Posts Tagged ‘Pepper’

Tender chicken in tasty sauce, healthy stuff for mid-week. We served with brown rice.

Paprika chicken goulash – serves 4

  • 500g skinless and boneless chicken thigh fillets, cut into bite-sized chunks
  • 1 tbsp plain flour, seasoned well
  • 1 large onion, halved and sliced
  • 2 cloves of garlic, crushed
  • 1 celery stalk, diced
  • 1 carrot, diced
  • 1 green pepper, chopped into chunks
  • 1½ tbsp paprika
  • 1 tsp caraway seeds
  • 400g tin cherry tomatoes
  • 300ml chicken stock
  • a small bunch of flat-leaf parsley, chopped
  • sour cream, to serve
  • rice, to serve

Toss the chicken with the seasoned flour. Heat 1 tbsp of oil in a large deep frying pan and cook in batches until browned all over, then remove with a slotted spoon and set aside.

Add the onion, garlic, celery and carrot to the pan and cook for 10-12 minutes or until soft and browned at the edges. Add the pepper and cook for another 8 minutes or so or until soft.

Put the chicken back into the pan and add the spices, tomatoes and stock. Cover with a lid and simmer for 45 minutes until the sauce is thickened and the chicken tender. Stir in the parsley and serve with sour cream and rice.

(Original recipe by Janine Ratcliffe in Olive Magazine, May 2018.)


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This will improve your veg intake for the day and puts frozen prawns to good use. A perfect curry for mid-week. Serve with naan breads or rice and lime wedges.

Prawn, spinach & coconut curry – serves 2-3

  • 2 tbsp olive oil
  • 200g raw prawns, defrosted if frozen
  • 1 onion, diced
  • 3 large cloves of garlic, finely chopped
  • 1-2 chillies, deseeded
  • 1 red pepper, sliced
  • 2 tbsp curry paste, we like Patak’s Madras
  • 400ml tin of coconut milk
  • 80g Tenderstem broccoli, cooked until tender
  • 100g baby spinach
  • lime wedges, to serve

Heat the oil in a frying pan over a medium heat and fry the onion for 5 minutes until softened. Add the garlic and chillies and fry for another 2 minutes, then addd the sliced pepper and cook for 3 minutes until softened.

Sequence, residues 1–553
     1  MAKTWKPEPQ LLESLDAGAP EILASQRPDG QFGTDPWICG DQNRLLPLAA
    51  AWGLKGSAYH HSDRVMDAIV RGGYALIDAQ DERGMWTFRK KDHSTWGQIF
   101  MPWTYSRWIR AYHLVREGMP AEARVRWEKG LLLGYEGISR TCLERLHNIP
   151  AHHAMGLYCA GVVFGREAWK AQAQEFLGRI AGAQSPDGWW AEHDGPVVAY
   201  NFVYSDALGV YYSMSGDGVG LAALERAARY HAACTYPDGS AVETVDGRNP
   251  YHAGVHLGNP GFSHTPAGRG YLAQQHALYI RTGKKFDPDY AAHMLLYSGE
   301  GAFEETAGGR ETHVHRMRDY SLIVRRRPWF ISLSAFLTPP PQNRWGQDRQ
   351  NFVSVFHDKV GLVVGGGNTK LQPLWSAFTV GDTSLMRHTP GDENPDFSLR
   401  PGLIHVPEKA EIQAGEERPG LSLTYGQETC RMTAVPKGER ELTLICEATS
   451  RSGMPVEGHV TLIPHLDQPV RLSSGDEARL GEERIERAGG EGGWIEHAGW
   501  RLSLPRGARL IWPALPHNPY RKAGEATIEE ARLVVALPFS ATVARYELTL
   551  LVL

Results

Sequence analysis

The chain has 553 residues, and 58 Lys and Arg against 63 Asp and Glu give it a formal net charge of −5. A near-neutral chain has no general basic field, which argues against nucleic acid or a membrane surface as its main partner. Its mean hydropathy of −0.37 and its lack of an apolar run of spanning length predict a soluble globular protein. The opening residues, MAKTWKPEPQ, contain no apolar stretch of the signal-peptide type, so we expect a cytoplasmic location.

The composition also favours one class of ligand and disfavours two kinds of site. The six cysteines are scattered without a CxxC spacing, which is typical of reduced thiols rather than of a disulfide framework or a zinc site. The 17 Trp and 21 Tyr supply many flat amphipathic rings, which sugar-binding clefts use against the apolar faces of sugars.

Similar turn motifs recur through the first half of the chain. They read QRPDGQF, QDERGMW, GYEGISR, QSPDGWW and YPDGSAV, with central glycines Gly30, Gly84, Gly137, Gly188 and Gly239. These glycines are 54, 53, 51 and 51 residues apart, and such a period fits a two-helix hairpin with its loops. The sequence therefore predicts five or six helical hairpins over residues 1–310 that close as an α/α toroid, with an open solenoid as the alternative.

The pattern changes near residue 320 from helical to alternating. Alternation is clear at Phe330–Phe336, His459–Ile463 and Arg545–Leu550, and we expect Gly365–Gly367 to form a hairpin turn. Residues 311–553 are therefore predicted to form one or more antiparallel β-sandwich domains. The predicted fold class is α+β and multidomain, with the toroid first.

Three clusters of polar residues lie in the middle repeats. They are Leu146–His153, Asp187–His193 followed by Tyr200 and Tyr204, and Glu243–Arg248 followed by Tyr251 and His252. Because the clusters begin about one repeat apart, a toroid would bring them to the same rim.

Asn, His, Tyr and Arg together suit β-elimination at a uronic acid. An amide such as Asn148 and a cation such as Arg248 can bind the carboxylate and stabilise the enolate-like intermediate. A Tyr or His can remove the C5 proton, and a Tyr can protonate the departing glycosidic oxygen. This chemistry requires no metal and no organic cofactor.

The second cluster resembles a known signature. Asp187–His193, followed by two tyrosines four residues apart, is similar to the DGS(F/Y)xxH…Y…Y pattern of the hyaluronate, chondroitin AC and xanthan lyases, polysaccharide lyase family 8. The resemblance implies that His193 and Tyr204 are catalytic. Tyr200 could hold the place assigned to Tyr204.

Push the veg to one side and fry the curry paste for a couple of minutes to heat through, then add the coconut milk and mix well to combine. Simmer for about 10 minutes, or until thickened, then add the prawns, broccoli and spinach. Stir well and simmer until the prawns are just cooked and the spinach wilted.

Serve with rice or naan breads and lime wedges for squeezing over.

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Everyday Palestinian Salad

We love a chopped salad and this one in particular is a handy one to have up your sleeve. We served with a Palestinian rice dish but it would be suitable for all sorts of eventualities.

Everyday Palestinian Salad – serves 4

  • 4 Persian cucumbers or 1 regular cucumber
  • 3 medium tomatoes
  • 1 red pepper
  • 10g parsley leaves, finely chopped
  • 10g mint leaves, finely chopped
  • 3 tbsp extra virgin olive oil
  • juice of a lemon

Slice the cucumbers in half and remove the seeds with a teaspoon. Finely chop into 1cm dice.

Scoop the seed out of the tomatoes and chop into similar sized pieces to the cucumber. Do the same with the red pepper and put all three into a large bowl.

Dress the salad with the herbs, olive oil, lemon juice, and plenty of salt and black pepper.

(Original recipe from Zaitoon by Yasmin Khan, Bloomsbury, 2018.)

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An easy version of Peposo which works a treat and reheats perfectly. The peppercorns are very much the star of the show rather than the seasoning.

Wine Suggestion:  Regional foods are generally complemented by the wines of the same region so go for a good Tuscan wine that will be able to stand up to this rich stew. We had a Morisfarms Mandriolo from the Maremma.